Housing with a social impact is needed now more than ever, yet there is not nearly enough creation or preservation of workforce housing. Designed to provide housing options for the growing number of individuals and families who earn incomes that exceed the threshold to qualify for government-assisted affordable housing, but struggle to pay market-rate rents, workforce housing has gained attention from developers and owners in recent years due to population growth and the declining rate of home ownership. Workforce housing residents typically earn 60-80 percent of the Area Median Income (AMI), but in high-cost markets incomes that are as high as 120 percent AMI can qualify.
The best examples of affordable housing pair residents with a spectrum of supportive services that help them thrive, including afterschool programs, as well as health and wellness services. Why aren’t all affordable housing communities offering these services and why can’t workforce housing do the same?
Workforce housing communities can and should be more than just a place to live—and should be about more than just owners and investors maximizing their profits. However, there is a way for residents to receive these services and benefit owners’ bottom lines at the same time. We are not talking about building sparkling swimming pools, fancy gyms, or other luxury amenities. The services that really matter are afterschool programs, quarterly health screenings, assistance with costly prescriptions, access to legal support, and tax/financial support services.
These services improve residents’ overall livelihood, happiness, and stability. Residents who are stable and happy are less likely to move away, which in turn helps to build community and lower turnover costs for owners. Lower turnover costs bring down expenses, increase net operating income, and ultimately maximize profits.
One example of an owner implementing these services and amenities for residents is Comunidad Realty Partners. This real estate investment firm realized this opportunity in 2014 when it purchased Villas Del Zocalo I, II, and III, a 622-unit workforce housing community in Dallas, Texas. Comunidad introduced afterschool care programs and brought health and wellness services on-site, making amenities like Zumba classes and health and biometric screenings available to residents. As residents began to take advantage of these services and feel more connected to their homes, turnover rates at Villas Del Zocalo significantly declined.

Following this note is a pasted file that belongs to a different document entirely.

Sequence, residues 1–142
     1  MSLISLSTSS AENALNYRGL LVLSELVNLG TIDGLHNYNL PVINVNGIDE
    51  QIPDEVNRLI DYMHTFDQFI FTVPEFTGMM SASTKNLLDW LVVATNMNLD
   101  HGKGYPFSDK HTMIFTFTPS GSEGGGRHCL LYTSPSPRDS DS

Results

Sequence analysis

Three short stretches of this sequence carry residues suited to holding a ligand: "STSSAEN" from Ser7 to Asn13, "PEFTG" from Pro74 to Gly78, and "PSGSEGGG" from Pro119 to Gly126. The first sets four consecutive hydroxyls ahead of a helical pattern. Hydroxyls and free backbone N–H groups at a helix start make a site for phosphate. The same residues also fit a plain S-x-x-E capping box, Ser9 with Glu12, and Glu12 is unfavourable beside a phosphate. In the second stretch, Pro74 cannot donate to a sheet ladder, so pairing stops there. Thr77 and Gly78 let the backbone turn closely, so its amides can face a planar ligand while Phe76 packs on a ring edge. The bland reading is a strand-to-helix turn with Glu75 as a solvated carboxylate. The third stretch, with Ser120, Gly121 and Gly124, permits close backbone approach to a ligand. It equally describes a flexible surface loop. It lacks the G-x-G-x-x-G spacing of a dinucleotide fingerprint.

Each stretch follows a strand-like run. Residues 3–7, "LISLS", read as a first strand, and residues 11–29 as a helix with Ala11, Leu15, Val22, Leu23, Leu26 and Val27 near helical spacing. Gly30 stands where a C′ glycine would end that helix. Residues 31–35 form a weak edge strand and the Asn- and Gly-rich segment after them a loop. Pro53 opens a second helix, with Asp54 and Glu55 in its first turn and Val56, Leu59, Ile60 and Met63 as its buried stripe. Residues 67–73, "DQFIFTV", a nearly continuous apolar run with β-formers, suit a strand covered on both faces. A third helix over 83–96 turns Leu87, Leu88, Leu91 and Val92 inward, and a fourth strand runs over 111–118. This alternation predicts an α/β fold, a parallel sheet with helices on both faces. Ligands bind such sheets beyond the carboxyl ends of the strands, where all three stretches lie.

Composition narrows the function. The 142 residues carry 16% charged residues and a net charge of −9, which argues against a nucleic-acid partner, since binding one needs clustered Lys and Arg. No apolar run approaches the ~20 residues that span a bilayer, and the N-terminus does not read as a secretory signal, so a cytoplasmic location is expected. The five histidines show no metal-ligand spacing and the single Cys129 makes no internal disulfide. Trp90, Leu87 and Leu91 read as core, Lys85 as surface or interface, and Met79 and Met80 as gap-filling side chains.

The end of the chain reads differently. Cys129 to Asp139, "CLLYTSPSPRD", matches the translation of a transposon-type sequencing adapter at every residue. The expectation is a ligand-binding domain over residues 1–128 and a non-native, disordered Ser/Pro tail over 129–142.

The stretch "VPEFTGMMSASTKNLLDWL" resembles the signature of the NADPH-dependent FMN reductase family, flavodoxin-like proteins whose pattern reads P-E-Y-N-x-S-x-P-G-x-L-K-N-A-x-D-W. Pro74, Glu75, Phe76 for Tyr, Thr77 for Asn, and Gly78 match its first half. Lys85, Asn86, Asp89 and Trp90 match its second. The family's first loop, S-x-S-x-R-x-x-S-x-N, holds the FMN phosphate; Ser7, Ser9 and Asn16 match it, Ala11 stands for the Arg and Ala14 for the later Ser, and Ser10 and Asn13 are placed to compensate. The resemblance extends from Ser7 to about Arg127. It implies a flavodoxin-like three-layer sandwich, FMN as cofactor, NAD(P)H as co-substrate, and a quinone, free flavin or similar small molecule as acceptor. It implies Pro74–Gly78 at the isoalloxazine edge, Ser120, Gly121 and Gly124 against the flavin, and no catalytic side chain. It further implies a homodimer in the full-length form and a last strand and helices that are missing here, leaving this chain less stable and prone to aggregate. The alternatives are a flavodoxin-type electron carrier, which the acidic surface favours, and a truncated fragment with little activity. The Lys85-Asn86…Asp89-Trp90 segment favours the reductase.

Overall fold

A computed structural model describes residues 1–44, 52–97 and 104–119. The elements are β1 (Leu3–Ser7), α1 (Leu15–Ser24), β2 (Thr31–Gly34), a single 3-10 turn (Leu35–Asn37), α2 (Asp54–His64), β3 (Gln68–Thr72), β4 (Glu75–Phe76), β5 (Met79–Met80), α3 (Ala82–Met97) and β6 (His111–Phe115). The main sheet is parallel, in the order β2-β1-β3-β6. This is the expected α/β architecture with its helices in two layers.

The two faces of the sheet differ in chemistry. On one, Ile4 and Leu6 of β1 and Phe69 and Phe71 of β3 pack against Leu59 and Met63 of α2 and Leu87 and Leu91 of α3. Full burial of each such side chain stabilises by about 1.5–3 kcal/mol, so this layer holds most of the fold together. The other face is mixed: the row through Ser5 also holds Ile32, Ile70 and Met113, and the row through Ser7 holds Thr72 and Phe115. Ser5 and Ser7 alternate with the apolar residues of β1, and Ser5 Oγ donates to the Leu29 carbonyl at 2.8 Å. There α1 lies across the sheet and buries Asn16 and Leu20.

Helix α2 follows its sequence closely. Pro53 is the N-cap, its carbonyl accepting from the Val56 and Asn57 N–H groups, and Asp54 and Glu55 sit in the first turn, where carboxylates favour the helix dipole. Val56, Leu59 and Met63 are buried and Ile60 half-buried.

Most owners want to help their residents, but don’t know how to implement services in a cost-effective way. They assume it is cost-prohibitive and logistically complicated. The reality is that an owner can offer all these services and amenities for free, simply by partnering with local non-profits that already have these resources and share owners’ goals, or for-profit businesses that will lend their resources as a community service.
Slowly but surely, the workforce housing industry is catching up when it comes to service delivery. Some owners have even experimented with tech solutions like Rezility, an app that helps owners form and facilitate partnerships with local non-profits and for-profits, while helping residents take advantage of the services their homes offer. These emerging platforms can also help property owners better connect with residents to understand their needs and invite more open communication.
The goal of delivering high-quality workforce housing to communities—for investors, lenders, borrowers, and property managers alike—can and should be about so much more than making sure the numbers add up. Developers and owners should think holistically and long-term, seeking out innovative partnerships that improve residents’ lives and create stable, healthy, profitable communities at the same time.
Anthony Tarter serves as executive vice president and director of workforce housing and social impact at Bellwether Enterprise.